End of the Habsburgs in Spain: Brief Summary
Jul 15, 2021
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Throughout the 16th and 17th centuries, the Habsburg dynasty he reigned in the Hispanic Monarchy under the name of the House of Austria. Under his reign, the period of greatest splendor of the Spanish monarchy was lived, but also the beginning of the decadence that would lead them to lose an enormous amount of territories. Due to the importance of this dynasty for the history of Spain, in this lesson from a PROFESSOR we are going to talk about the decadence of this House, that is, the end of the Habsburgs in Spain.
- The arrival to the throne of the Habsburgs
- The decline of the Hispanic Monarchy
- The last Austria
- Causes of the end of the Habsburgs
The arrival to the throne of the Habsburgs.
At the end of the 15th century, the House of Trastamara, represented by the Catholic kings, was the ruling dynasty of the Hispanic Monarchy. They decided to marry two of their children, Juan and Juana, with the children of Archduke Maximiliano, a measure included in the strong marriage policy that the Catholic Monarchs used to forge alliances against power French.
Juan's death, made the successor to the throne was Philip of Habsburg, husband of Juana and son of Maximiliano. The reign of Felipe was only in Castile, keeping the throne of Aragon King Fernando el Católico. After the death of both, the throne passed into the hands of the son of Felipe and Juana, Carlos I.
Carlos I took the throne of the Hispanic Monarchy, being the first Austria to rule over both Castile and Aragon. Carlos I married his cousin Isabel de Portugal, beginning a trend towards marriage between relatives who would continue his children, since the three children of Carlos and Isabel married relatives.
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The decline of the Hispanic Monarchy.
The reigns of Carlos I and Felipe II established Spain as a world power, maintaining its dominions and expanding the power of Spain. But already in the last years of the reign of Felipe II we can see the beginning of the end of the Habsburgs, an important date being the defeat of the Invincible Armada in 1588 against the British.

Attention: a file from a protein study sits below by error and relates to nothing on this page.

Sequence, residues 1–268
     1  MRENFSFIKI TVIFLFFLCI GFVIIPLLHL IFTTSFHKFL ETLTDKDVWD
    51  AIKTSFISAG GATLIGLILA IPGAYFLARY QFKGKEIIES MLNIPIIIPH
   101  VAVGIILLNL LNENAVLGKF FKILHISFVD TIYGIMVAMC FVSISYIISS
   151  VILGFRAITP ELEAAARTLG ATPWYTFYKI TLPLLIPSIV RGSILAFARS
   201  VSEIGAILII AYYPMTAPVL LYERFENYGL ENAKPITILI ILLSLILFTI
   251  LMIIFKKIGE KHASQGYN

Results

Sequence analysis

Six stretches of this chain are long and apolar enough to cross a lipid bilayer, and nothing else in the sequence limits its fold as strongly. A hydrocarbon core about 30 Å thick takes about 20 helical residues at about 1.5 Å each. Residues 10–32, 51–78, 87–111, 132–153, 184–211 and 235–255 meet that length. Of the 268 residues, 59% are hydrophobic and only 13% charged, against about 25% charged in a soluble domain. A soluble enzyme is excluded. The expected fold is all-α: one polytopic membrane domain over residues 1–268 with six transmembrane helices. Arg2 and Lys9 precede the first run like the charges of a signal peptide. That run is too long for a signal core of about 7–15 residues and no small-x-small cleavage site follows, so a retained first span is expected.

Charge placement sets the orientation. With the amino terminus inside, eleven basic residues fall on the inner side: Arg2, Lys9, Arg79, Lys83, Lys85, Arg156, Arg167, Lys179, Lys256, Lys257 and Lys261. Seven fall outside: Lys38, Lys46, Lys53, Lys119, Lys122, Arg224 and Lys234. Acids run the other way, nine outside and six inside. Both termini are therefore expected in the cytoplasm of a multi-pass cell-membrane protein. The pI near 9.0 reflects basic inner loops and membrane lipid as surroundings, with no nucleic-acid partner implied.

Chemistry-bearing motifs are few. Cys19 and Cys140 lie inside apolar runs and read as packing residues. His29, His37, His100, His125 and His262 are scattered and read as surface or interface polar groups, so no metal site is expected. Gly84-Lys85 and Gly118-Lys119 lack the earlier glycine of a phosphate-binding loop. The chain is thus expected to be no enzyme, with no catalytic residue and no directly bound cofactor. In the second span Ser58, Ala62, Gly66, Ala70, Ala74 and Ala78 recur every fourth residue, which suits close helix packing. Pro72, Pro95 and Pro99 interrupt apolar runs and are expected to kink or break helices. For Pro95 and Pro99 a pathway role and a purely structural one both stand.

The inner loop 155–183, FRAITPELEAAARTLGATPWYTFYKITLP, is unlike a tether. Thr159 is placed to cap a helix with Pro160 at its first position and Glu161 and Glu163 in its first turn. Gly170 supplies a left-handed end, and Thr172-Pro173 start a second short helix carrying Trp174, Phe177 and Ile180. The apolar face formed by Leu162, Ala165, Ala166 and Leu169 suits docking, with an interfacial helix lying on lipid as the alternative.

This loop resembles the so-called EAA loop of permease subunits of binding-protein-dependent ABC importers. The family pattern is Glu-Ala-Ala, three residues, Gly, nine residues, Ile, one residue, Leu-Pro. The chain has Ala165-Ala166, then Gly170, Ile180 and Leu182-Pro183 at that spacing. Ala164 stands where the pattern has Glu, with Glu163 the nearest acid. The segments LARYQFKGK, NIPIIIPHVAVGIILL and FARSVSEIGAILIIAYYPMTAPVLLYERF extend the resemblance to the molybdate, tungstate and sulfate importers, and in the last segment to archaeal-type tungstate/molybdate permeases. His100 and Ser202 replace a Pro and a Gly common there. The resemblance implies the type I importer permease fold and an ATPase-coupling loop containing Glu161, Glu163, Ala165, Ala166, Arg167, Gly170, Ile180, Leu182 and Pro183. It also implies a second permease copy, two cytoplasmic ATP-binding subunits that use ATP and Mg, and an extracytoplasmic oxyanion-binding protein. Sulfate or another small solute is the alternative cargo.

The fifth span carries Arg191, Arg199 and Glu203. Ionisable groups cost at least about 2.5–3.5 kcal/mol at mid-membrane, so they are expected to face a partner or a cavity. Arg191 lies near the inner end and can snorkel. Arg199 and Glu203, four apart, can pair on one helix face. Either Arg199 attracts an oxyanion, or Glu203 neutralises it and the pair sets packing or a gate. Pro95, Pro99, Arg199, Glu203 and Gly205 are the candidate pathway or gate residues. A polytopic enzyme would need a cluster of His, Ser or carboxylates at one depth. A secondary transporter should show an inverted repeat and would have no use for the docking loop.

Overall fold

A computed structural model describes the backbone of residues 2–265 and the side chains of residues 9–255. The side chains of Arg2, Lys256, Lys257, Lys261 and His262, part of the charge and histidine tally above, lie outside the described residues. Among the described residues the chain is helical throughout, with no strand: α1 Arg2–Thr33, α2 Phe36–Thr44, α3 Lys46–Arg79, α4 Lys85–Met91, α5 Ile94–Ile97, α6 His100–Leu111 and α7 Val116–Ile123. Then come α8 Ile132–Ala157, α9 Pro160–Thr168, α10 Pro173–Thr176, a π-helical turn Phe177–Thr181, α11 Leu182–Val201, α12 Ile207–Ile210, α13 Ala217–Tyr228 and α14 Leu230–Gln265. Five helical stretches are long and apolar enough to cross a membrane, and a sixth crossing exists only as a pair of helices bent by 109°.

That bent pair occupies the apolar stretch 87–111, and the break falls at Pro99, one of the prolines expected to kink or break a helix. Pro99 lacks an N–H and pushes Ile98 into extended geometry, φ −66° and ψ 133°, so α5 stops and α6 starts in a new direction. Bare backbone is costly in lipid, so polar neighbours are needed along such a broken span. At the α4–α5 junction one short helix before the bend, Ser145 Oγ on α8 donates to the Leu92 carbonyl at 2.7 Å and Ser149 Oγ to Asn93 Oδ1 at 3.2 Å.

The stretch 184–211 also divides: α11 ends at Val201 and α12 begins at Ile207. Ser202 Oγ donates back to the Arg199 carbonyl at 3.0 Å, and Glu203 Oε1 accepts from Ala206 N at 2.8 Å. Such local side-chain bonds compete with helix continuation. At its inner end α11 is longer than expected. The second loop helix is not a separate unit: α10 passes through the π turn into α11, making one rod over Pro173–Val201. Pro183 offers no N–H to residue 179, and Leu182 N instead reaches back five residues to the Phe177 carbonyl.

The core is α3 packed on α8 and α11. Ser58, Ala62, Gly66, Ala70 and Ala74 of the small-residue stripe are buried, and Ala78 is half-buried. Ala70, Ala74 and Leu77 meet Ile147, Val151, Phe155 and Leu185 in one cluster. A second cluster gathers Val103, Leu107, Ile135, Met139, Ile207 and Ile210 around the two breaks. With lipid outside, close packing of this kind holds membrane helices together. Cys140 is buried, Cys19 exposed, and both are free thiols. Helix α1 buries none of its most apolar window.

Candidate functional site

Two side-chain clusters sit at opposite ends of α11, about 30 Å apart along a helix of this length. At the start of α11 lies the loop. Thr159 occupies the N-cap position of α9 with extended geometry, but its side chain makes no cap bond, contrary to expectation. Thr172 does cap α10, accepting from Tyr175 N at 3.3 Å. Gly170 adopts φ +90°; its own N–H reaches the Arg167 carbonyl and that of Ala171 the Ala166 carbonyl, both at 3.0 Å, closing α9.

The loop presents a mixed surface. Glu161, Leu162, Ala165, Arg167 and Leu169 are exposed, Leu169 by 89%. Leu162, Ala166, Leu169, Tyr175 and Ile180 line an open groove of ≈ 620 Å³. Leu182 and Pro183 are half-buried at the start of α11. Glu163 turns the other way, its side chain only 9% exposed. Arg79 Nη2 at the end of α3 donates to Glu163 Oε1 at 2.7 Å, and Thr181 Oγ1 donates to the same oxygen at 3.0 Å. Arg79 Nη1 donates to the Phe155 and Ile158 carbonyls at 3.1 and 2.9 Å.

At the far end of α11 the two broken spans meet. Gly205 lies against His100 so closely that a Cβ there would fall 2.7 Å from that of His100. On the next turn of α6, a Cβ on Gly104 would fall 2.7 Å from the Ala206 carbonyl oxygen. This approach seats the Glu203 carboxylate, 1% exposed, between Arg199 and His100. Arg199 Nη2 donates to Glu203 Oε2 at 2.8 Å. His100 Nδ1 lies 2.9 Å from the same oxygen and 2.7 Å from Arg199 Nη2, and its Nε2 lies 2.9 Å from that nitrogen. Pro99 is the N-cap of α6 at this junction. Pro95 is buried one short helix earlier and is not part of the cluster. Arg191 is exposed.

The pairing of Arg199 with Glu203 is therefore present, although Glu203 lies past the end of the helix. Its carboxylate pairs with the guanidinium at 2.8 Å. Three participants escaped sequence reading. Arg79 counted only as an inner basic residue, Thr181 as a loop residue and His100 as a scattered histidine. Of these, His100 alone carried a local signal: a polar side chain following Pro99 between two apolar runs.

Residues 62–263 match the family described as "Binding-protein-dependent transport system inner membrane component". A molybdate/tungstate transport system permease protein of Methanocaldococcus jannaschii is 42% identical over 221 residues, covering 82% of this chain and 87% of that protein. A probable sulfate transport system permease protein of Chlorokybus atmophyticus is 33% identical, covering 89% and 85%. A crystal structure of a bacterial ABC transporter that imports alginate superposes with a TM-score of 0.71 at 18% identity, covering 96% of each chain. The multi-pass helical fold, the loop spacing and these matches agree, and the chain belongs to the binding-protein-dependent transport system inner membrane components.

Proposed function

The successor of Felipe II was his son, Philip III, who little interested in political affairs gave all the power to the valid of him. This led to an increase in the corruption of the kingdom, which brought with it a economic and social crisis that would last throughout the seventeenth century. If the reign of Felipe III had something good, it was his peaceful alliances. The valid of the king agreed peace agreements with territories such as Holland, France or the states of the Italian Peninsula.
The successor of Felipe III was Felipe IV, another weak king who gave all his power to the valid. In this reign it is worth highlighting the appearance of one of the most important authority figures in the history of Spain, the Count-Duke of Olivares, the valid of the king, who sought to restore to Spain the glory that he had lost in recent years. The Hispanic Monarchy faced an alliance of European kingdoms, which defeat the Spanish thirds at the Battle of Rocroi.
Because of this defeat Spain signed the Peace of Westphalia, recognizing the independence of Holland, and a little later the Peace of the Pyrenees, where Spain gave Roussillon and Sardinia to France. These treaties entailed an enormous loss of power, and evidenced the decline of the Hispanic Empire.
The last Austria.
Continuing with this lesson of the end of the Habsburgs in Spain, we must talk about the last Austria in Spain, Carlos II, the so-called Bewitched.
Felipe IV's successor was Carlos II, a very weak person who hardly anyone expected to survive his childhood. The consanguinity of the Habsburgs had resulted in Charles II being incapacitated for power, with numerous psychological and physical problems. His weakness caused the economic and social crisis of the Hispanic kingdom will increase, further accentuating the Spanish decline against other European powers.
These diseases caused him to be unable to have an heir, which caused French and Austrian candidates to fight for his crown. After the death of Charles II, the War of succession, which ended with the victory of the Bourbons of France, thus ending the Habsburg dynasty in the Hispanic crown.
Causes of the end of the Habsburgs.
The end of the Habsburgs It comes from various causes, very diverse factors that caused the power of the Habsburgs to be reduced until they were unable to maintain their dynasty in the Hispanic monarchy. Some of these causes were:
- Military defeats in the seventeenth century. This led to the loss of territories and the increase in the power of other powers, such as the Bourbon dynasty.
- The increase in power of the valid ones, who, before the kings' disabilities, were what truly ruled.
- The indebtedness with the Treasury that caused a strong economic crisis.
- The inability to maintain so many territories and so disparate at the same time.
- The inbreeding it caused that the descendants of the kings were increasingly weak, and ended up making Carlos II incapable of having descendants.
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